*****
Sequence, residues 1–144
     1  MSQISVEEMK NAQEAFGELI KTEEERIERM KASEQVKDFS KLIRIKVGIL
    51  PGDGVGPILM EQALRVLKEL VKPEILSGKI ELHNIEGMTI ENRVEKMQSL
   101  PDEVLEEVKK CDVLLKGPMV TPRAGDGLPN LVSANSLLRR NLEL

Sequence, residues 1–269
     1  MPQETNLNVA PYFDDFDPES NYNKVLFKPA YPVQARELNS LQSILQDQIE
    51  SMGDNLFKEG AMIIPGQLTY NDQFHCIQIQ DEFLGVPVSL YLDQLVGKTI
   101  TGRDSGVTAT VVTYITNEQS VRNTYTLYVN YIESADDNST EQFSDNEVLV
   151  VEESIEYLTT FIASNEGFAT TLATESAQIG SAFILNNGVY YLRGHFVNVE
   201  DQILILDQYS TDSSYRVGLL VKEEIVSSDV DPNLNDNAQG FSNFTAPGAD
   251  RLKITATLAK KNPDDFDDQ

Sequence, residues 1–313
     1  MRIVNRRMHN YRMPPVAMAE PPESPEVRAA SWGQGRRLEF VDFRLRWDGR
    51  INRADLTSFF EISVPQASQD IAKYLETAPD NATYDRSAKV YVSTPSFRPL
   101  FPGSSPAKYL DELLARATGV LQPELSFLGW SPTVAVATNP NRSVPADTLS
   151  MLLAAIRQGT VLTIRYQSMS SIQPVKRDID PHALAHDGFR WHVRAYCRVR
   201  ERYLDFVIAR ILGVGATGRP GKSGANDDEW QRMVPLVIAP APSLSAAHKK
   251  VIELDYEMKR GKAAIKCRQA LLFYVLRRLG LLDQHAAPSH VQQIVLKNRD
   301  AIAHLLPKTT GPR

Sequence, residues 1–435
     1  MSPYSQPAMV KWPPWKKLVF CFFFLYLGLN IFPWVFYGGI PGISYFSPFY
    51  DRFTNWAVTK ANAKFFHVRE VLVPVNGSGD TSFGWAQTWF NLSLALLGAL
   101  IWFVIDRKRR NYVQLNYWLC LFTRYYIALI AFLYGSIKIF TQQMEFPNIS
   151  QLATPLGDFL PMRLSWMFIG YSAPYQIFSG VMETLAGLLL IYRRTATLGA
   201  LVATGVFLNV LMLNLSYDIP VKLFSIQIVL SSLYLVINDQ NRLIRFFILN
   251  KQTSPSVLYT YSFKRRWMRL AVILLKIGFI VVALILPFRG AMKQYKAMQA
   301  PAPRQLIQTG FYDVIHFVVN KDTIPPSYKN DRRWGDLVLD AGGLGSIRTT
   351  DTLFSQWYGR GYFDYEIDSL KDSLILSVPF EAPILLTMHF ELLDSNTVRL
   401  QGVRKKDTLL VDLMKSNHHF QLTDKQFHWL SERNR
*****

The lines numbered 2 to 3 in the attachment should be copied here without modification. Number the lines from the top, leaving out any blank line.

     1  MSQISVEEMK NAQEAFGELI KTEEERIERM KASEQVKDFS KLIRIKVGIL
    51  PGDGVGPILM EQALRVLKEL VKPEILSGKI ELHNIEGMTI ENRVEKMQSL